Uganda kicked off the fight that became a model for AIDS prevention in 1986, after President Yoweri Museveni sent sixty of his top officers for training in Cuba, where eighteen tested positive for HIV. At a conference later that year, Fidel Castro took the Ugandan president aside. “He said, ‘You’ve got a big problem on your hands,’” recalled Sam Kibende, a deputy director of Uganda’s national AIDS research center. “That’s when the president woke up and realized his fighting force was going to be decimated.” With national infection rates leveling off somewhere between 6 and 7 percent after peaking at 15 percent in the early 1990s, the Ugandan army plans to hold every officer responsible for AIDS education. “Behavior change needs sustained fire,” says Dr. Stephen Kusasira, who runs the Ugandan military’s anti-AIDS efforts. “We want it to be a command problem. It should only become a medical situation when they are sick.”
Unfortunately, AIDS hampers the ability of Uganda and other African nations to maintain not only their own security but also that of their neighbors. Asked to send troops to the troubled Darfur region of Sudan, South Africa couldn’t field a complete battalion of uninfected troops; an estimated 17 to 23 percent of its military is HIV-positive, and tests in 2004 on two battalions found infection rates as high as 80 percent. “They had to kludge together units to get enough healthy troops to send,” says Wald, who retired from his post at European Command in July. Because African Union members contribute 37 percent of all United Nations peacekeepers, the shortage of healthy manpower has rippled out through the world’s hot spots and is of growing concern to the United States, which leaves peacekeeping duties mostly to other nations. “AIDS is a readiness issue,” says Richard Shaffer, a retired Navy commander who runs the Defense Department’s HIV/AIDS Prevention Program. “It’s not just having your weapon. It’s not just knowing how to use it. It’s being healthy enough to use it.”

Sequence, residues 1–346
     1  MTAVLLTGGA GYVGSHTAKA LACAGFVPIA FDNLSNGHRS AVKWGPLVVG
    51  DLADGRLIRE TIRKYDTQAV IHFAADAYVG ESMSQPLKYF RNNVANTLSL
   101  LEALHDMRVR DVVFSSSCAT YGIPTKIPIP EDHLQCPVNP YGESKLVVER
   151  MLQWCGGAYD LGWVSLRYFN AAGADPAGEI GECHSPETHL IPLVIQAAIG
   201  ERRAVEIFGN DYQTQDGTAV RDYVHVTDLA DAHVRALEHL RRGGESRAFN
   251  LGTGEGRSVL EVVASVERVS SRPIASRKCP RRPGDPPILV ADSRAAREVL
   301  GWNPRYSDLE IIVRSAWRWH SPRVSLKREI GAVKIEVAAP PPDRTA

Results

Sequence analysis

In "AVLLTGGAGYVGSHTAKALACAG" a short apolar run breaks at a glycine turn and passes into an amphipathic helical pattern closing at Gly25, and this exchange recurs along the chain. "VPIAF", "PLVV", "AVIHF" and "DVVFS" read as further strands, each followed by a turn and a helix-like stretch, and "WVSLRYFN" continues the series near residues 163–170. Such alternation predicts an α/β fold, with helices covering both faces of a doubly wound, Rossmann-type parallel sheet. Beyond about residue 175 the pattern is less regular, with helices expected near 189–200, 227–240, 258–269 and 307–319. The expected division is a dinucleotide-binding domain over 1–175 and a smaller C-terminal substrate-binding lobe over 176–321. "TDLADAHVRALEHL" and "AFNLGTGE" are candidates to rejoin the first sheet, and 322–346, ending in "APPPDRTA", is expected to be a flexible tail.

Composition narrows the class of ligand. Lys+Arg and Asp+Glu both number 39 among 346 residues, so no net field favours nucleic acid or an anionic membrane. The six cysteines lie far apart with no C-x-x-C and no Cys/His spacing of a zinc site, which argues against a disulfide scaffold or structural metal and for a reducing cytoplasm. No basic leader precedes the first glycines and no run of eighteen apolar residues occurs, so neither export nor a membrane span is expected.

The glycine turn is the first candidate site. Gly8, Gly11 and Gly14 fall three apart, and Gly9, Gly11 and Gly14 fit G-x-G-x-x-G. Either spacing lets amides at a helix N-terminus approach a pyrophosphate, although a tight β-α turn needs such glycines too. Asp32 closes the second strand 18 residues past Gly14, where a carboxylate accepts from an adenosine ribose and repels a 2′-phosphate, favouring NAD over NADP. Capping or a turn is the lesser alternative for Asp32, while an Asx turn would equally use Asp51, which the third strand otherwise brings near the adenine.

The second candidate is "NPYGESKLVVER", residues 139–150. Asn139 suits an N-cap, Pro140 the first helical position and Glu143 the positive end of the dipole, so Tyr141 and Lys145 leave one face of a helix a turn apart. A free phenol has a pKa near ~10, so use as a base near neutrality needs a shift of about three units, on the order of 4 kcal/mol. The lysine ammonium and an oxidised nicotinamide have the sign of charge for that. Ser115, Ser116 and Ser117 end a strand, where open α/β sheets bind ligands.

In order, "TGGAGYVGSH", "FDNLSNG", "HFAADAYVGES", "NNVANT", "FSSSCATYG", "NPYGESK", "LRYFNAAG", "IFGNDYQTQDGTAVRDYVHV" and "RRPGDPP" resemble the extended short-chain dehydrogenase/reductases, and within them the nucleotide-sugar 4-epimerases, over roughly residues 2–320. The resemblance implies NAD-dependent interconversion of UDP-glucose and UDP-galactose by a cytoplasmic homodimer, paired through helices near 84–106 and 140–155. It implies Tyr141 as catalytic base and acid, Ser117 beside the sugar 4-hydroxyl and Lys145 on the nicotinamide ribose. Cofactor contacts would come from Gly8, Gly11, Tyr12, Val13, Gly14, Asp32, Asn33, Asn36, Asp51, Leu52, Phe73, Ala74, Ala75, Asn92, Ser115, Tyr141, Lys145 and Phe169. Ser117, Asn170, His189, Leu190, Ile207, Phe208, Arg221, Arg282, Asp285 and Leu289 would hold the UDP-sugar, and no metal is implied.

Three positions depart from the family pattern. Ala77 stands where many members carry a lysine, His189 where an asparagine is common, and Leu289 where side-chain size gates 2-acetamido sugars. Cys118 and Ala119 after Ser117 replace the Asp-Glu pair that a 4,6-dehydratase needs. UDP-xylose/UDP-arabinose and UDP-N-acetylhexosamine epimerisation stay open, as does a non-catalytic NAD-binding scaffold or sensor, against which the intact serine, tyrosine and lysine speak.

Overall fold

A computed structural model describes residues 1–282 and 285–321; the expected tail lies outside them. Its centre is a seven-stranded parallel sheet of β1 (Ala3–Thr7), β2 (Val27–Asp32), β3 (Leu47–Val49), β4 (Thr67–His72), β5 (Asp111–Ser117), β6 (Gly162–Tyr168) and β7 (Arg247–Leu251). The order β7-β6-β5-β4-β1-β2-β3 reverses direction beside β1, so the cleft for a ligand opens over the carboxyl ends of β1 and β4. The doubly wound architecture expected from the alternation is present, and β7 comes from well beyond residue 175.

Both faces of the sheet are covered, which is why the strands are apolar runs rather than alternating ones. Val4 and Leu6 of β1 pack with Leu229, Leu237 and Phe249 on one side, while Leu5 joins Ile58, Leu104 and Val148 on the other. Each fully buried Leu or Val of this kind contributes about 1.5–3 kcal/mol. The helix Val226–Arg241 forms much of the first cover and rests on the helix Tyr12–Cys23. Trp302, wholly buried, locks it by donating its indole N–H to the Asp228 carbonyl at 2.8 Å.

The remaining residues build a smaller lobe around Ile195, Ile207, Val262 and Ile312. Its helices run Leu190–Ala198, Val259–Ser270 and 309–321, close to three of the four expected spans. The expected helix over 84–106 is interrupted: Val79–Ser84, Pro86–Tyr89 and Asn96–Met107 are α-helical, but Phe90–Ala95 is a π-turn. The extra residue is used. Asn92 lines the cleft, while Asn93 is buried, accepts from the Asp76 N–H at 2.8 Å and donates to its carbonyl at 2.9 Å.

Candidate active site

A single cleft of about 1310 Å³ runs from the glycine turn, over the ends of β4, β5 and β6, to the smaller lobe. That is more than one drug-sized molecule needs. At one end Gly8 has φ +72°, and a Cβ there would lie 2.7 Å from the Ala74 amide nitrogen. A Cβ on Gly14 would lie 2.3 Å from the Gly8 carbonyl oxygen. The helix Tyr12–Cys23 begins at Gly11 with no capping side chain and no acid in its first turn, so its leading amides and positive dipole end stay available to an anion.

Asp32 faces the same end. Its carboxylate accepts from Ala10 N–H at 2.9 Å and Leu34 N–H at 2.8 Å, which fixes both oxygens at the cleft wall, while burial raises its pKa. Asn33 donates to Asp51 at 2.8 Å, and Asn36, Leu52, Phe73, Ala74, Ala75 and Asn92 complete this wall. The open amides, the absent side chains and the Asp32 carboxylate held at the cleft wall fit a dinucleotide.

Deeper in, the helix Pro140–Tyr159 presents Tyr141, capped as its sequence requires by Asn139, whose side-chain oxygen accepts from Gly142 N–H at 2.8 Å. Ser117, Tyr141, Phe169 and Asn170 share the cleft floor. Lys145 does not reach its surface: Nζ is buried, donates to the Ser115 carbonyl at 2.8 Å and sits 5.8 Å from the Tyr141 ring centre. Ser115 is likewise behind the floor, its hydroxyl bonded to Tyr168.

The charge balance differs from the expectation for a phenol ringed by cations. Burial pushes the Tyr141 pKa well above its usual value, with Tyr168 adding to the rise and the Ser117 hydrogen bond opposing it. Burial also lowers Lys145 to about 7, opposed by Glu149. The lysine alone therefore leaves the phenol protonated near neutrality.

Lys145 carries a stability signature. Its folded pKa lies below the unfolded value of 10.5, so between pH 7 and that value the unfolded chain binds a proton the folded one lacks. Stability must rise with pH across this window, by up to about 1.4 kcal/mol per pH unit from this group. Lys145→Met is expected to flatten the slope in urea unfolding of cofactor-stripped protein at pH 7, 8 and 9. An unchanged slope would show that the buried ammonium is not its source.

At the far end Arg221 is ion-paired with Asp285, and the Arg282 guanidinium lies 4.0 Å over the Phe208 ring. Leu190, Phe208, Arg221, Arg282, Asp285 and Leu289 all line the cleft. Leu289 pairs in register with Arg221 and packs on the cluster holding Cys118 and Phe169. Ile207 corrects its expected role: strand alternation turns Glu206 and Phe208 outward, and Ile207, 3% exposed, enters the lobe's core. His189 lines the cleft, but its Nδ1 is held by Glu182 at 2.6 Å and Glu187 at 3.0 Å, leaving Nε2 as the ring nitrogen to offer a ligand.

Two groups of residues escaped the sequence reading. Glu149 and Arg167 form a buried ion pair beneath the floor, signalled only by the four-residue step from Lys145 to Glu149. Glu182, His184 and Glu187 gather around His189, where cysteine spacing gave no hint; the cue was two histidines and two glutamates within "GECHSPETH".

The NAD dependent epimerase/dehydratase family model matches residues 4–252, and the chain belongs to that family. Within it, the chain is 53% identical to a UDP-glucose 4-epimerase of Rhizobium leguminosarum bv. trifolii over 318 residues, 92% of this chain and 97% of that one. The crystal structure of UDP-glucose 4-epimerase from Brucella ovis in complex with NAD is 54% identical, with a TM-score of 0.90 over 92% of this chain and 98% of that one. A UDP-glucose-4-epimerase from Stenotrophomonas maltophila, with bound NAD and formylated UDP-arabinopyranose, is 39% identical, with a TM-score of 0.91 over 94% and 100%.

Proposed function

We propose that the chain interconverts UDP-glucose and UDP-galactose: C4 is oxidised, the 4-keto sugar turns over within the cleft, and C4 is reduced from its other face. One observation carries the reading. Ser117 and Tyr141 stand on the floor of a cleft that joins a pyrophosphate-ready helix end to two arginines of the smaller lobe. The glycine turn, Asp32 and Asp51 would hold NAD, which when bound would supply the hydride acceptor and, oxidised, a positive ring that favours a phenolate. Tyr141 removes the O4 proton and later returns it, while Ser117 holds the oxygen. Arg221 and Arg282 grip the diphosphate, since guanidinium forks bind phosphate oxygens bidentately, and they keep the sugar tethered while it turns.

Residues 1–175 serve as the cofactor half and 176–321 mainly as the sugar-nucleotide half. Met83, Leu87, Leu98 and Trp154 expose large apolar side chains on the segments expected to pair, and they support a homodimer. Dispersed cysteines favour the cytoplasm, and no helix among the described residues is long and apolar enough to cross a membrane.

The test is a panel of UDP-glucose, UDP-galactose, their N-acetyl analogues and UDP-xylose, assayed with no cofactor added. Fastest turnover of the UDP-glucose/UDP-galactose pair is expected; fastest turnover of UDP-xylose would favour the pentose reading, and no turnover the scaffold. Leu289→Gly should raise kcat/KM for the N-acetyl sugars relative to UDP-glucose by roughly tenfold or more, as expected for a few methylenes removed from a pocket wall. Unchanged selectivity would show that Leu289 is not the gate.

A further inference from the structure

Perhaps the only thing worse than having few peacekeepers ready to send is the risk to those who actually go. Eighty-one percent of UN peacekeepers are on missions in Africa, home to 60 percent of the world’s people living with AIDS. A 1999 study by the head of Nigeria’s medical corps found that the longer Nigeria’s soldiers were deployed as peacekeepers in Sierra Leone, the greater their chance of contracting HIV. Infection rates increased from 7 percent after one year abroad to 10 percent after two years, and to more than 15 percent after three years.
It’s not hard to see why. During a short stay in the Congolese city of Goma last year, I was shown a dozen or so children allegedly fathered by soldiers from the UN mission, including two light-skinned boys whose fathers were said to be Moroccan. One visitor to Bunia, where the fighting is most brutal, said that she had seen women stripping in the headlights of vehicles of soldiers on night patrol. “The United Nations has helped me a lot,” Bibishe, a twenty-five-year-old prostitute, told me. “They bought me the mattress I’m sleeping on. They bought me clothes.” In the courtyard of her brothel waited a drunken South African sergeant. It was about ten o’clock in the morning.